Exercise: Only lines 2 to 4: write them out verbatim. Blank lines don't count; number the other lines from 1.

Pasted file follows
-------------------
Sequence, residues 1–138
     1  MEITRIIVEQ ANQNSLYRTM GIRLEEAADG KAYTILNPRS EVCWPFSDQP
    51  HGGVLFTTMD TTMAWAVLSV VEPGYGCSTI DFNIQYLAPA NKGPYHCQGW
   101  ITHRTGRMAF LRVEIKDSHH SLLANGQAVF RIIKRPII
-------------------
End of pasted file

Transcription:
     1  MEITRIIVEQ ANQNSLYRTM GIRLEEAADG KAYTILNPRS EVCWPFSDQP
    51  HGGVLFTTMD TTMAWAVLSV VEPGYGCSTI DFNIQYLAPA NKGPYHCQGW
   101  ITHRTGRMAF LRVEIKDSHH SLLANGQAVF RIIKRPII